Until recently, assessing the fertility of breeding bulls has been a complicated and expensive matter, involving laboratory tests of the bulls’ semen. Now, a research team from Cornell University has developed a novel fertility assessment method called RHEOLEX that is quicker and easier to perform than the traditional ones, resembling a home pregnancy test.
The scientists found inspiration in a biological process occurring in mammals called “rheotaxis,” through which the female reproductive tract simultaneously guides and selects high-quality sperm. By mimicking the cow’s female reproductive tract’s dimensions and hydrodynamic features in a microfluidic device, the researchers managed to assess the reproductive quality of bulls’ sperm within just a few minutes.
While traditionally, sperm quality is evaluated using computer-assisted sperm analysis that measures swimming speed and concentration, such a method ignores the strenuous process of sperm moving along the female’s reproductive tract described through the concept of rheotaxis.
“This method, along with the motile (fast speed) sperm concentration determination, can quickly predict fertility levels in artificial insemination,” said study lead author Mohammad Yaghoobi, a doctoral student in Food Science at Cornell. “We can predict the bull’s in vivo sperm fertility level within five minutes.”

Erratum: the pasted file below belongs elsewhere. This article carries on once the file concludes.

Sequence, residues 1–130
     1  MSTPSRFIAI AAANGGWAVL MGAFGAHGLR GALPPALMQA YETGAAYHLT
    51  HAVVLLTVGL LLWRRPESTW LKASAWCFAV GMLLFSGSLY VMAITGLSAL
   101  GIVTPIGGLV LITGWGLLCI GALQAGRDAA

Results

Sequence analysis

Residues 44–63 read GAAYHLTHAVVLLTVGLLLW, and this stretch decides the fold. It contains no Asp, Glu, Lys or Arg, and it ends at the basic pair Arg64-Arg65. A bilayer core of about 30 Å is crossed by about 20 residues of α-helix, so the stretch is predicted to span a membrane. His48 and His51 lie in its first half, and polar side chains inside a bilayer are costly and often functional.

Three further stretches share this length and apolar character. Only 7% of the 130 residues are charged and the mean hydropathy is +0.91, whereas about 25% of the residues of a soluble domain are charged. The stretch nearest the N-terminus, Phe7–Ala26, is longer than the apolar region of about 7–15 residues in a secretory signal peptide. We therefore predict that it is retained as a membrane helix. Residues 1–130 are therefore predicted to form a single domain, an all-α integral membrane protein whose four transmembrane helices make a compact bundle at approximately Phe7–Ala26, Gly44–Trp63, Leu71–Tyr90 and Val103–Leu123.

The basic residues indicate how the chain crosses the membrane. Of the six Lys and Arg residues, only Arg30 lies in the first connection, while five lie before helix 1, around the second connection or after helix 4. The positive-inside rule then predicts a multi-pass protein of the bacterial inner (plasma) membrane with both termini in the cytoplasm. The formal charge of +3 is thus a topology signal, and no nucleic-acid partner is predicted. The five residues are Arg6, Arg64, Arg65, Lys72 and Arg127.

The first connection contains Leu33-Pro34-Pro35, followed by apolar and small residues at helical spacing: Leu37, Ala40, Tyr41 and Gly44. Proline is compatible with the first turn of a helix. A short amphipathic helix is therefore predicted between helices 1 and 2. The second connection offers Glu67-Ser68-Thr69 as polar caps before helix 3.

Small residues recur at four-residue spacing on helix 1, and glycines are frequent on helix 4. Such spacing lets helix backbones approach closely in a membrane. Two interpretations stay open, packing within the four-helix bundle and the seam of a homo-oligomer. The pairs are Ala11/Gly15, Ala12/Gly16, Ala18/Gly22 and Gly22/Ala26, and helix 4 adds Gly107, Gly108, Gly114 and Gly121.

According to Yaghoobi, unlike conventional semen quality parameters, which often fail to provide statistically significant predictions, the RHEOLEX method is an easy and accurate biomarker for determining in vivo male fertility.
“We are essentially taking rheotaxis results and translating that into signals that tells us the bull fertility level, which is great, because it can save companies a lot of money by selecting the best bulls. We are using nature’s selection process and that’s a huge difference,” said study senior author Alireza Abbaspourrad, an assistant professor of Food Chemistry and Ingredient Technology at Cornell.
“With this new RHEOLEX method, you can conduct better selection and breeding for bulls and cows, which can translate into higher quality and quantity products like improved milk and meat. This saves breeders and producers time,” she concluded.
The study is published in the journal Lab on a Chip.
By Andrei Ionescu, Earth.com Staff Writer